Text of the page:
Federal Reserve Chair Jerome Powell is due to speak at a European Central Bank event Wednesday.
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- The stock market misread the Federal Reserve’s July FOMC meeting, according to TS Lombard.
- An interest rate pivot from the Fed is far away from happening and a 75 basis point hike is likely in September.
- “Inflation is easing but the US job market remains too hot for investors’ own good,” TS Lombard said.
Investors shouldn’t hold their breath when it comes to a pivot from the Federal Reserve on its interest rate policy, according to a Monday note from TS Lombard.
The investment research firm said the stock market misread the Fed’s July FOMC meeting, in which Fed Chairman Jerome Powell declined to give future rate hike guidance and instead said the central bank would solely focus on incoming data to determine its next moves.
For investors, Powell’s comments served as an early indication that future rate hikes could potentially be less than the outsized 75 basis point rate hikes that happened in June and July if inflation shows signs of cooling, and it led to a more than 10% rally in the S&P 500.
But not so fast, according to TS Lombard. The firm’s analysts said that another 75 basis point rate hike will happen at September’s FOMC meeting, followed by another 75 basis points in rate hikes by the end of the year. That would put the Fed Funds rate at 4%, well above its current rate of 2.5%.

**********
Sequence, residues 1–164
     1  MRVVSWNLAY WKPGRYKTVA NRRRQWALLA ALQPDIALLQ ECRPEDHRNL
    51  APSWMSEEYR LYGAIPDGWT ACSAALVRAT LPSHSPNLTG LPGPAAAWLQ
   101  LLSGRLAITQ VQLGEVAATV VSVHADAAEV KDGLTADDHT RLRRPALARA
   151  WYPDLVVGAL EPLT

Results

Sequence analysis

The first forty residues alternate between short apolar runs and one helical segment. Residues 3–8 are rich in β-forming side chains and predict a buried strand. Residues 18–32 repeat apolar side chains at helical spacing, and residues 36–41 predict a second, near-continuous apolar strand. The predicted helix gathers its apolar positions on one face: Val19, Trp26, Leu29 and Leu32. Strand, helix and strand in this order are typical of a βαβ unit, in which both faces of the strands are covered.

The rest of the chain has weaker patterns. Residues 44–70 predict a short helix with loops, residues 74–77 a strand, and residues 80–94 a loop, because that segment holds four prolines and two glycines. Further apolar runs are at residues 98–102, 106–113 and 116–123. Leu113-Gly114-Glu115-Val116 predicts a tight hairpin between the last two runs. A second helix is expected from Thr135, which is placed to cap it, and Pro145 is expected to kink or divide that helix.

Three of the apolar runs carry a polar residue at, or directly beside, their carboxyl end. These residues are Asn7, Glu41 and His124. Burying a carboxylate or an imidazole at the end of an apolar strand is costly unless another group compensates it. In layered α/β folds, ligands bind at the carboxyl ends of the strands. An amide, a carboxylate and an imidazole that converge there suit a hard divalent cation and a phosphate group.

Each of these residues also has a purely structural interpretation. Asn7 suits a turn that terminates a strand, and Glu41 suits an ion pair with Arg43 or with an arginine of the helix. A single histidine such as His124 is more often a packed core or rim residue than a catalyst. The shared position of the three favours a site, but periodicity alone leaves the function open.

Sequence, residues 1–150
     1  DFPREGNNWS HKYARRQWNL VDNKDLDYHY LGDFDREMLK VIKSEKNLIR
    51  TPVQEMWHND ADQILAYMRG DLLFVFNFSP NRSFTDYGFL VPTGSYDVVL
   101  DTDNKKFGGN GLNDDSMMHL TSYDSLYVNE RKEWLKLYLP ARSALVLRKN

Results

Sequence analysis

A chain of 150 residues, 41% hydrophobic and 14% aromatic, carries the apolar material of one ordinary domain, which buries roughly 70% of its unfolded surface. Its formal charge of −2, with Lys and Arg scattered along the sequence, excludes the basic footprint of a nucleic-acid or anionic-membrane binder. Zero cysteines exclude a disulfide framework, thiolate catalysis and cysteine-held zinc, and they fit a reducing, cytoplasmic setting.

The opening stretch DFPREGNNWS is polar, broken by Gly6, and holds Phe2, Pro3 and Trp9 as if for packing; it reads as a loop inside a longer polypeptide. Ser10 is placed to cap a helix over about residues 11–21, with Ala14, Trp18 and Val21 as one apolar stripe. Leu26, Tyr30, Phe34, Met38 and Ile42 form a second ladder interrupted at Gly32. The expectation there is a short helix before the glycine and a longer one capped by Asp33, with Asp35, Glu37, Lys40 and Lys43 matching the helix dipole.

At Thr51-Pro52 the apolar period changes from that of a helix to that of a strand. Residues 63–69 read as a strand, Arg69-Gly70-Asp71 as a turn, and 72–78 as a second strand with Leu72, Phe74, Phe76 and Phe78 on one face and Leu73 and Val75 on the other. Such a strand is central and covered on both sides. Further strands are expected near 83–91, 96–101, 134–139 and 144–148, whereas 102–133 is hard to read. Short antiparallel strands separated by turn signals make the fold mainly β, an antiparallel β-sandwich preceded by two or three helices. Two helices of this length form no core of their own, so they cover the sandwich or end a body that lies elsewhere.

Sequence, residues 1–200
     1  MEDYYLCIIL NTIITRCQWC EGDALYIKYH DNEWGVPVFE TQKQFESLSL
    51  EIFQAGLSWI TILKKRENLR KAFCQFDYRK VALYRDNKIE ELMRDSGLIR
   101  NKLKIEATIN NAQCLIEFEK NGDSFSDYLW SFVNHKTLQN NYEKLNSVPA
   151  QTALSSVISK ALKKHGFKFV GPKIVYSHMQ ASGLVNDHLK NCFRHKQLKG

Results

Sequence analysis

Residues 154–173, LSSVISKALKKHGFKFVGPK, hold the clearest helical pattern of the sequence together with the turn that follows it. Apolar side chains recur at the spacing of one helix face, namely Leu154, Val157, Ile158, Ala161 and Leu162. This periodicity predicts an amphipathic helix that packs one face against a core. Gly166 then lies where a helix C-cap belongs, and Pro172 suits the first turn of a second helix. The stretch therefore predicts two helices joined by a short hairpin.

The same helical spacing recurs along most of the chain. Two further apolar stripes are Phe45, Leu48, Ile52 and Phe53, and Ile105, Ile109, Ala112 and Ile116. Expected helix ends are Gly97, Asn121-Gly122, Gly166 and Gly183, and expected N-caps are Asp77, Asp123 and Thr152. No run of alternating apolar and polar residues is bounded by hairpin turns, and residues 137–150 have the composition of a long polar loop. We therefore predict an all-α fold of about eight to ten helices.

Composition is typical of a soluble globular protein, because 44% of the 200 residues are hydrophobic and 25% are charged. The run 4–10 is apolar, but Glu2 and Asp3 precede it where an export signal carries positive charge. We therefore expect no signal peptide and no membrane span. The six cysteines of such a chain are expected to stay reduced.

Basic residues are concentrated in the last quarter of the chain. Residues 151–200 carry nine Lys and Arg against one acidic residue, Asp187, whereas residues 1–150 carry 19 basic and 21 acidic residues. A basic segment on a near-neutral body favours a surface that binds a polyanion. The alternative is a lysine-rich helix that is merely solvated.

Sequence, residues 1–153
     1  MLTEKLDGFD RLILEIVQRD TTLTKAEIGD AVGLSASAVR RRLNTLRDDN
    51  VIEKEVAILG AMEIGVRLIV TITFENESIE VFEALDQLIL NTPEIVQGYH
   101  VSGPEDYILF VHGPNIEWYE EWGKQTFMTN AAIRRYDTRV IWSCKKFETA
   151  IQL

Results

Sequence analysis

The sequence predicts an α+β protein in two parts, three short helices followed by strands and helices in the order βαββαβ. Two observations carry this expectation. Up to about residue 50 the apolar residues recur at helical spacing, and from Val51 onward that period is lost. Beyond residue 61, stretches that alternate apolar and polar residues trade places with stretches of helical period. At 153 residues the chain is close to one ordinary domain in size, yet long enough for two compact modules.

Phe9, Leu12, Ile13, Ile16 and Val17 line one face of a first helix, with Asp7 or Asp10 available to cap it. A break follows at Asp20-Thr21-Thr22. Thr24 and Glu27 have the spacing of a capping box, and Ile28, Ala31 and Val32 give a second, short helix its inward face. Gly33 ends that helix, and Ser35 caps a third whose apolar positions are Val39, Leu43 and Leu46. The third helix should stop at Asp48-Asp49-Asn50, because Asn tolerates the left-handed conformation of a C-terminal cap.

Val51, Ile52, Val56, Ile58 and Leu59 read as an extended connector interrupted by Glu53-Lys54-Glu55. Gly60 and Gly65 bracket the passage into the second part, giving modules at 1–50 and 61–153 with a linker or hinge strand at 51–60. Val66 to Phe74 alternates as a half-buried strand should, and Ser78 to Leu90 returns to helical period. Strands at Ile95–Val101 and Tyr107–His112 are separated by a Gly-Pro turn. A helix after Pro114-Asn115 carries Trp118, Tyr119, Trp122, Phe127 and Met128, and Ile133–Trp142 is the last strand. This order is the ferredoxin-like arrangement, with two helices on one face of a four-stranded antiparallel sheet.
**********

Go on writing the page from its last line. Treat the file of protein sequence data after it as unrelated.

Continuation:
“Inflation is easing but the US job market remains too hot for investors’ own good,” TS Lombard said in its reasoning for why the Fed will continue on with its rate hikes. The unemployment rate fell to 3.5% in July after more than 500,000 jobs were added to the US economy.
TS Lombard argued that contrary to comments from Powell, the Fed Funds Rate is nowhere near its targeted neutral level.
“Nobody (including the Fed) really knows what the ‘neutral’ policy rate is. Yet with the rate of job creation still solid, wage growth running at 5.75% SAAR MoM and initial jobless claims well below levels consistent with a severe economic downturn, it is hard to argue that neutral is at 2.5%,” TS Lombard said. “The funds rate has a long way to go in real terms.”
The prospect of further interest rate hikes as the yield curve inverts and the economy muddles along does not bode well for the stock market, according to the note.
“All this means that stocks remain caught between limited scope for multiple expansion and a deteriorating earnings outlook. The bar for material re-rating in the face of Fed hikes and negative earnings revisions looks high, especially given how elevated earnings are versus trend,” TS Lombard said.
The S&P 500 is down 13% year-to-date, but has rallied more than 10% from its mid-June low following resilient second-quarter earnings and a perceived semi-dovish pivot from the Fed. According to TS Lombard, don’t expect stocks to see big moves into year-end.
“At the very least, intensifying headwinds to profitability imply a low speed limit for equities, capping the upside,” TS Lombard concluded.
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